By 2040, 33 million of the vehicles sold annually will be fully autonomous, according to the predictions of analysts at IHS Markit. Nearly every automaker is working on self-driving systems right now, and semi-autonomous features -- automatic braking, lane-keep assist, adaptive cruise control, etc. -- are already commonplace in new vehicles.
So, while the rollout of fully autonomous vehicles will likely be slow, it's undeniable that the transportation industry is moving quickly in that direction. And when the self-driving era finally arrives, it is expected to rapidly grow into a $7 trillion passenger economy.
That's why investors should pay close attention to what three companies in particular are doing in the driverless car space right now: Uber (NYSE:UBER), Lyft (NASDAQ:LYFT), and General Motors (NYSE:GM).
Uber's AV pursuits have slowed
Uber is currently testing a small group of AVs on a one-mile stretch in Pittsburgh. The cars only drive about 25 miles per hour, and during their operations, there are employees in the driver's seats just in case something goes wrong.
In addition, the company also has employees driving vehicles equipped with autonomous systems in Toronto and San Francisco, but only so they can collect data that can be used to improve the software. In total, Uber has about 250 autonomous vehicles, and a workforce of 1,000 developing its driverless vehicle tech.
Uber's long-term goal is to be able deploy a fleet of AVs to supplement its human drivers. The theory is that self-driving cars could eventually help reduce transport costs. But while Uber could stand to benefit from that, it likely won't be developing its technology entirely on its own. After a series of setbacks that included crashes and an intellectual property lawsuit, the company has scaled back its in-house AV plans.
Instead, it has shifted toward forming partnerships. Uber has already received investment from Toyota to develop self-driving car technology.
Lyft depends on the AV tech of others
Lyft also has its own AV program with about 300 engineers right now. The division is lead by Luc Vincent, who previously worked at Google and is credited as a creator of Google Street View.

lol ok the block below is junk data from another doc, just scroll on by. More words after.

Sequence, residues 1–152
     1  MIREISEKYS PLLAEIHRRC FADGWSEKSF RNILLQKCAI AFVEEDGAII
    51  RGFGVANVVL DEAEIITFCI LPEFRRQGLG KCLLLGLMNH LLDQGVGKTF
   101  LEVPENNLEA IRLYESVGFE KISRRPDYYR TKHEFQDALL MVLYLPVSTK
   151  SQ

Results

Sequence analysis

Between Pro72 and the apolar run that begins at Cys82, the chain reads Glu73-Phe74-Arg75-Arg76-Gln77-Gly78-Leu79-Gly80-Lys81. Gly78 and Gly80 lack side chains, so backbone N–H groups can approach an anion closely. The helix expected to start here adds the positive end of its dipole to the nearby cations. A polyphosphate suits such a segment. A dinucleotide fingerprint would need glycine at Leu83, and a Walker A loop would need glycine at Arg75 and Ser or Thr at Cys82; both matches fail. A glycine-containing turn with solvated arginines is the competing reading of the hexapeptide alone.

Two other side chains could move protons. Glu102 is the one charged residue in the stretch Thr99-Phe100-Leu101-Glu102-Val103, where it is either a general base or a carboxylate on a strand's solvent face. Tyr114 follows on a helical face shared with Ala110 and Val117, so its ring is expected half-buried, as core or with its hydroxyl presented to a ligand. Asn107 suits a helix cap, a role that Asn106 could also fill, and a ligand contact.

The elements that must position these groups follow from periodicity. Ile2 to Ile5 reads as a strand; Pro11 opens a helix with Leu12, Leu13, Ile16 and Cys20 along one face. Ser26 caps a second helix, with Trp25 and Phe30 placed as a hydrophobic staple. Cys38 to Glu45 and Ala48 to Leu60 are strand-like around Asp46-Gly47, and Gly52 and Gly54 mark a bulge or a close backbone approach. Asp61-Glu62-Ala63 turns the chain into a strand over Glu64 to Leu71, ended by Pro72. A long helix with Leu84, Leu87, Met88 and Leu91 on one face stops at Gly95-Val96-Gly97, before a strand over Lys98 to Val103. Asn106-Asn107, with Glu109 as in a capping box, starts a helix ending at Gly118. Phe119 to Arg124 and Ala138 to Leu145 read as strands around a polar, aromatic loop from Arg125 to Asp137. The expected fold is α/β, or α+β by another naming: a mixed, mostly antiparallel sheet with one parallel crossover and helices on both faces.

Even though Lyft has a self-driving team, it has focused far more on developing autonomous vehicle partnerships. One of its most important has been with self-driving tech company Aptiv. The two have been testing autonomous vehicles in Las Vegas for several years. So far, they've provided self-driving rides to 30,000 passengers.
Most recently, Lyft partnered with Alphabet's Waymo to bring 10 autonomous vehicles to Lyft's ridesharing platform in Phoenix, Arizona. It's an important partnership for both companies because Waymo is one of the indisputable leaders in the autonomous vehicle tech space. The company's autonomous vehicles have driven more than 10 million real world miles -- and 7 billion virtual miles -- and it launched its own commercial self-driving rideshare service in Phoenix at the end of last year.
Lyft could ultimately benefit from the partnership by expanding its test fleet of Waymo vehicles and bringing more trials to other cities. What's clear, though, is that Lyft now sees collaboration rather than pure competition as its best route to being able to serve customers with self-driving vehicles.
General Motors' self-driving future
GM has made several significant moves on the autonomous vehicles over the past few years, including restructuring the company to focus more of its energy on both self-driving and electric vehicles. But one of its most direct bets was the 2016 acquisition of Cruise Automation.
Cruise has developed fully autonomous driving technology and plans to launch its own rideshare service this year with 2,600 vehicles that not only can drive themselves, but must drive themselves: they have neither steering wheels nor gas and brake pedals. Cruise's plan is to start small, debuting the service in one city, then expand across the U.S.
The company has already received substantial investments from Softbank's Vision Fund, Honda, GM, T. Rowe Price Associates, and others. Over the past year, Cruise has raised $7.25 billion, and was most recently valued at $19 billion.
Cruise also plans to double its staff of 1,000 by the end of the year and is spending loads of cash to stay ahead of the competition -- about $728 million in 2018. That figure is expected to jump to $1 billion this year.
And the better self-driving car play is... GM
While Uber and Lyft are forging important partnerships in the self-driving vehicle space, and Uber is developing some of its own autonomous vehicle tech, neither one comes close to what Cruise is doing. It's developing its own AV technology, and is testing it on public roads at a much grander scale than either Uber or Lyft. When Cruise's self-driving commercial ride-hailing service launches, it'll essentially be one of only two of its kind, the other being run by Waymo.
Additionally, GM's long history as an automaker gives it the know-how to not just develop the necessary AV tech, but to build high-quality AV cars from the ground up.
For those reasons, it's more likely that both Lyft and Uber will one day be using cars and technology developed by GM and Cruise, rather than their own proprietary systems. Finally, the carmaker owns about 18.6 million shares of Lyft. Add it all up, and it's clear that among these three aspiring AV companies, GM has the upper hand.
Editor's note: This article has been corrected. Uber has not tested autonomous vehicles from GM or Waymo on its platform.